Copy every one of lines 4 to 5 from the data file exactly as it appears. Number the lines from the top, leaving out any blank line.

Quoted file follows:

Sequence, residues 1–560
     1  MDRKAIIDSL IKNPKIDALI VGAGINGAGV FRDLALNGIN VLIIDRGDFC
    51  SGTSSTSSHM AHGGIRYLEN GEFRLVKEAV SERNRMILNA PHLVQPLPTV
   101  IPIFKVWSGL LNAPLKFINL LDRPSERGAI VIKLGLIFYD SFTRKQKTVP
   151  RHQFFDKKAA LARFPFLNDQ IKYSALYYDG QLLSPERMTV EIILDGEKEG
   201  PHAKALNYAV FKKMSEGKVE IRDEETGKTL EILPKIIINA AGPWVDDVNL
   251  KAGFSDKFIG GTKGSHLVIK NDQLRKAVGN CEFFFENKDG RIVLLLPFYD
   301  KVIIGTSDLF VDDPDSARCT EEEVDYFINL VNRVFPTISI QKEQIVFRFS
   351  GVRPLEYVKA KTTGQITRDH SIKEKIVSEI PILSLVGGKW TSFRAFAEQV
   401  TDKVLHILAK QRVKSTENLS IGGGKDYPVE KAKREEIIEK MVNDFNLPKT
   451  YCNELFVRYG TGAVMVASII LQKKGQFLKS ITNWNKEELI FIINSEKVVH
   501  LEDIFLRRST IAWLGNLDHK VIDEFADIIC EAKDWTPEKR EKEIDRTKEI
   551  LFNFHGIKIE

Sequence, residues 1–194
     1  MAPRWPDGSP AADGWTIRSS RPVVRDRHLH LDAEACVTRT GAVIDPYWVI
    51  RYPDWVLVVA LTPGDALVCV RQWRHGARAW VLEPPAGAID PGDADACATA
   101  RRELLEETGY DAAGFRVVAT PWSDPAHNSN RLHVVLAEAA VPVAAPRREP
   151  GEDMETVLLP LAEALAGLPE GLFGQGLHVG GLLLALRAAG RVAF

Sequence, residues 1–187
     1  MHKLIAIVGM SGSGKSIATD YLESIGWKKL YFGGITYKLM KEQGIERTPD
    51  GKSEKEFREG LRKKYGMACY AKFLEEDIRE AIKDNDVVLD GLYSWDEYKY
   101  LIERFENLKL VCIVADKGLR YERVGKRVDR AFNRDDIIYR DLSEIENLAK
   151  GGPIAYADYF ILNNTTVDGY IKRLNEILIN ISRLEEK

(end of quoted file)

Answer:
   101  IPIFKVWSGL LNAPLKFINL LDRPSERGAI VIKLGLIFYD SFTRKQKTVP
   151  RHQFFDKKAA LARFPFLNDQ IKYSALYYDG QLLSPERMTV EIILDGEKEG